If you have a newer MacBook Pro, you may have gotten used to authenticating with Touch ID. But by default, Touch ID is not set up to authenticate
sudo commands. These commands, which allow for a broader range of power in the command line, have to be authenticated by a password. If you’re a developer or power user on macOS, you might use
sudo frequently. It can be extremely useful to authenticate
sudo commands with Touch ID.
With a little bit of text file editing, we can access and edit the list of acceptable authentication methods for sudo. By adding a line of text, we’ll make Touch ID an acceptable method of authenticating sudo commands.
There is one potential downside to setting up this command. If you authenticate sudo commands with Touch ID, you might not be able to authenticate sudo over secure shell, or SSH. There’s talk about this getting fixed in a forthcoming version of macOS, maybe in an upcoming beta. If you use SSH frequently, make sure you test this functionality before you need it in a critical situation. For now, if you encounter that problem or bug, you’ll need to roll back the change by removing the text you added.
Authenticate sudo Commands with Touch ID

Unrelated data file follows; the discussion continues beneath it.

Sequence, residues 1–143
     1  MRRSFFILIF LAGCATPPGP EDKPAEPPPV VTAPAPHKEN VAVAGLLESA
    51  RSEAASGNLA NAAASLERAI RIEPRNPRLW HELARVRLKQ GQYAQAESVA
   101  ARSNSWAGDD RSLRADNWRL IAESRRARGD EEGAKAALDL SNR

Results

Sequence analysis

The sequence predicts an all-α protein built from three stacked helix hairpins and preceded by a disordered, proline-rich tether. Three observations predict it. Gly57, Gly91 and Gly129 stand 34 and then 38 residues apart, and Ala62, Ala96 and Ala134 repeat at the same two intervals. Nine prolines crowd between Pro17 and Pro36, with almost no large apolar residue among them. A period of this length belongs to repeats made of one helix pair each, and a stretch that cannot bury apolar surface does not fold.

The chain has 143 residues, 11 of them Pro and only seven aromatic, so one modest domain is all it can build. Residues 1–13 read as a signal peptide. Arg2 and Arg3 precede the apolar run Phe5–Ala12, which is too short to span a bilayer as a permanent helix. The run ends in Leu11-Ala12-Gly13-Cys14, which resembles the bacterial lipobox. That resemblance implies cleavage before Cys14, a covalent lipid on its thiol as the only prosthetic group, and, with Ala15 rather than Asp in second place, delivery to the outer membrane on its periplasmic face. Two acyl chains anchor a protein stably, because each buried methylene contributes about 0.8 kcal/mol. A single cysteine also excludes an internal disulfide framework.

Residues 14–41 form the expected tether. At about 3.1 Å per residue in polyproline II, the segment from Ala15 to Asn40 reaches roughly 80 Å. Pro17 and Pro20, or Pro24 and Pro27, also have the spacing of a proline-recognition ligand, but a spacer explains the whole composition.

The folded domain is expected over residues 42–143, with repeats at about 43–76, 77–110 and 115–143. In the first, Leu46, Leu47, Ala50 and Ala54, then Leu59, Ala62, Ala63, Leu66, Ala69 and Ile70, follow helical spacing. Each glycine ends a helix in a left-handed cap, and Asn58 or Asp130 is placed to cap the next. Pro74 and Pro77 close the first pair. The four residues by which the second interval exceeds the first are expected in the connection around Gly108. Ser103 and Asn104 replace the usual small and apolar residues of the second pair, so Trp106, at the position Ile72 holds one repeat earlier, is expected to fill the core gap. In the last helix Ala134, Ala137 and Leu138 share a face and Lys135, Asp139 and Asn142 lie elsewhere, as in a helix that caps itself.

1. Open Terminal (found in “/Applications/Utilities”) and run the following command:
This will open the list of valid methods for authenticating at the sudo prompt. This is where we will add Touch ID as a valid method of authentication.
2. Create a new line underneath the line beginning with “#sudo” by pressing the down arrow key, then the Return key.
3. On the new line you just created, paste the following text:
You may notice that this text contains some spacing so it lines up cleanly with the existing entries. This isn’t strictly necessary, but it makes things easy to keep track of.
When you add this text, you’ll be adding a new way to authenticate sudo. This adds the Touch ID PAM (pluggable authentication method) to the list of methods that can “unlock” sudo. The other options on the list include account authentication, password authentication, and session authentication.
4. Press Ctrl + O and Enter to save the updated document.
5. Press Ctrl + X to quit the nano text editor.
6. The next time you need sudo, you’ll see the standard system dialog box prompting for the input. If it authenticates directly, you’ll have access to sudo.
If you’d prefer to authenticate via your password instead, click the “Use Password …” button and enter your password in the dialog box.
Once you’ve set up Touch ID to authenticate sudo commands, you’ll be able to authenticate sudo or the root user with just your fingerprint. You’ll also have the option to enter your password manually by clicking the “Use Password …” button. If you decide you want to reverse the change, just remove the line you added and save the settings file again. This will remove Touch ID from your MacBook Pro’s list of acceptable sudo authentication methods.